Winter wines

Winter wines

I’ve been postponing the moment to write on this subject for a few weeks, but now that it is f…rankly cold, it definitely seems relevant. That’s one of the great things of writing for a website - you’re not tight with printing deadline! That’s ultimate journalism. Don’t you hate reading the Christmas issues in October? I do.  

Anyway, when it comes to wine there are not four seasons but two: the refreshing wine season and the warming-up wine season – some might say that any wine drunk in decent quantities will warm you up any season, and I have to admit I can’t argue that point.

Traditionally, and quite fairly, ones think ‘red’ when the temperature gets closer to zero than thirty. I do too. There are many options though and I thought I’d pick you the perfect winter wines from most of the world wine regions available in New Zealand.

New Zealand

Waiheke Island:
Cable Bay Five Hills 

A rich and complex blend of Merlot (53%), Cabernet Sauvignon (24%), Cabernet Franc (16%) and Malbec (7%) coming from five different vineyards planted on five different hillsides, as you would have guessed. In a nutshell, it’s a really good kiwi version of a really good Bordeaux. When it comes to Waiheke reds, I’d recommend you to go for 2005 - a great vintage, so bear that in mind. The wines have poise, elegance and intensity, and are very food-friendly which is what you need in winter.

Hawke’s Bay:
Stonecroft Zinfandel 2004 

This might be one of the most over-looked New Zealand wines and that is a mistake. Zinfandel is this trendy US grape-variety also known as Primitivo in Italy. Only Kemblefield and Stonecroft produce some in NZ – to my knowledge anyway – but they are two great examples. Zinfandel wines should be drunk in their first five years, which is why I reckon this one is just perfect for this winter. It’s got big, warmy, fruit flavours with strong notes of plums. Lovely on its own or with rich and mild-spiced tajines.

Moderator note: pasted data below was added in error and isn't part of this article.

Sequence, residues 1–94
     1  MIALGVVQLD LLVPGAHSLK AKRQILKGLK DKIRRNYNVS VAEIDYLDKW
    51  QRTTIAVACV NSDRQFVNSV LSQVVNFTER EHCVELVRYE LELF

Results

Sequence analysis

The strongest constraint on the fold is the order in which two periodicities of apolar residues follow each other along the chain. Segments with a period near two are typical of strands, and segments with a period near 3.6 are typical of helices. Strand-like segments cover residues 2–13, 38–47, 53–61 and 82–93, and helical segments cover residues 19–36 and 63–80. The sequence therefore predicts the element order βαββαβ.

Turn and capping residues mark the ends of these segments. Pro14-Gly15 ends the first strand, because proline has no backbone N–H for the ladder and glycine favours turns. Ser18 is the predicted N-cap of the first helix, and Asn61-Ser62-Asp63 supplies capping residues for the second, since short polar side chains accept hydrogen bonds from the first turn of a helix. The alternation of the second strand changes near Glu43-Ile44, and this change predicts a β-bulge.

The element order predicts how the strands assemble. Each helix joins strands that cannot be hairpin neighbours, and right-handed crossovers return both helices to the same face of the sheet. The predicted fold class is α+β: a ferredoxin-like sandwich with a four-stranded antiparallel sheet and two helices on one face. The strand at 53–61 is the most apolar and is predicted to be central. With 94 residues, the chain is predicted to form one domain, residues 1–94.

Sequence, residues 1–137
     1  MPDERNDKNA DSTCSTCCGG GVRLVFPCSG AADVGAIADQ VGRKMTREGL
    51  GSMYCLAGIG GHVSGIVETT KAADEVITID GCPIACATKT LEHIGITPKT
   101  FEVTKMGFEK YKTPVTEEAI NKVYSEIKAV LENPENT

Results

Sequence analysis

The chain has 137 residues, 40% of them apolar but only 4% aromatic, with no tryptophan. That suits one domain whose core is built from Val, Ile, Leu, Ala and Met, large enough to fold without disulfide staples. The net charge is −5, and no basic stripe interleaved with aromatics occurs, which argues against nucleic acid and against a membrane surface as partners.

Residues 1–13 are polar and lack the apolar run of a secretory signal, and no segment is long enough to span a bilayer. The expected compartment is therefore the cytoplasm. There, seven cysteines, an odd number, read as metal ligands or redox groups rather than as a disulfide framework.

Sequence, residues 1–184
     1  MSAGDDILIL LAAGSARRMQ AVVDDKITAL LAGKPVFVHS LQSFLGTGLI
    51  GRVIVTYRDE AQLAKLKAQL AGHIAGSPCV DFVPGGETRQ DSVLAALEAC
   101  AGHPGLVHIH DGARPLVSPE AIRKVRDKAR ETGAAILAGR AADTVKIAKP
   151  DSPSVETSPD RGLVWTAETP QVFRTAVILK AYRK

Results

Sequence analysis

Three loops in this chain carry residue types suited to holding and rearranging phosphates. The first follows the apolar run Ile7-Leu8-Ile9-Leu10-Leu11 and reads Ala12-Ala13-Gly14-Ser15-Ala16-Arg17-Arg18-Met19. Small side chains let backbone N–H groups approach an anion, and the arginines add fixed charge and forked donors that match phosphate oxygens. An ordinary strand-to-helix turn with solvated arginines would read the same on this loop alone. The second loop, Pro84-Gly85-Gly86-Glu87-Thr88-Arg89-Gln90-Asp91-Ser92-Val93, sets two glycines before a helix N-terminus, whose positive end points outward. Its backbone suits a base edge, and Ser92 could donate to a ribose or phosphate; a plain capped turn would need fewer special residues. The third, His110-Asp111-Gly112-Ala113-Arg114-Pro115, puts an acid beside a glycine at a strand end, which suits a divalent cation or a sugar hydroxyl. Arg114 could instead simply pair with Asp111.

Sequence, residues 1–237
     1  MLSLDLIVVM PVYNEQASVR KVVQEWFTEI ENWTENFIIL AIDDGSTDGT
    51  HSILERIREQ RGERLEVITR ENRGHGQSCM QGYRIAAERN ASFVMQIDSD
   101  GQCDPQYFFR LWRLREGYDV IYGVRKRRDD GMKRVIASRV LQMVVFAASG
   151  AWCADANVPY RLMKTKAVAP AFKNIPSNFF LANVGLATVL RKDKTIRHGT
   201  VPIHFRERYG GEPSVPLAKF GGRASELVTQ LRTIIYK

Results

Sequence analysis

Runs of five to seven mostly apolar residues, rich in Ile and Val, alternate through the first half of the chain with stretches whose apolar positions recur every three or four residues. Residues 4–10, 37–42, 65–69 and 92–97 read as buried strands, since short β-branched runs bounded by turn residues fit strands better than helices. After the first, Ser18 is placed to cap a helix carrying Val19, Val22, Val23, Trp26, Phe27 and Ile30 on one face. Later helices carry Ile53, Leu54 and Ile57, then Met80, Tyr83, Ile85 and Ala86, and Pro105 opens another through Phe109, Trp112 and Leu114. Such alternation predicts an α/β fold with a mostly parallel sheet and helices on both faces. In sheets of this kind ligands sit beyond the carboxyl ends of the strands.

Martinborough:
Julicher Pinot Noir 2003

Maybe the best value of this selection. Julicher (pronounced “U – li –ka”) is a winery I have just discovered but which is celebrating its 10th anniversary this year. They now have 20ha on the Te Muna Terraces and also make Riesling (5 stars in Cuisine mag), Chardonnay, Sauvignon Blanc and Rosé. If tasted blind, I would have said that this 2003 – great vintage in Martinborough - was probably worth around $55/$60. If this one is just a bit pricey, try the “99 rows” (under $30), a new label – and only pinot - they released in 2004 because they thought it wasn’t good enough to be put under the usual label. Tasted the same night as Ata Rangi 2004, it was a clear winner!

Marlborough:
La Strada Syrah 2005 

La Strada is the “entry level” range of the Fromm winey based by Blenheim Airport. It’s quite unusual to pick a Marlborough Syrah but again, everything is – almost - possible when one works very seriously. And that’s what they do over there. Planted on a north facing hillside to get maximum sunshine, it is a medium-bodied syrah that would match perfectly a hearty and savoury “Boeuf Bourguignon”.

Waipara: 
Pegasus Bay Maestro 2001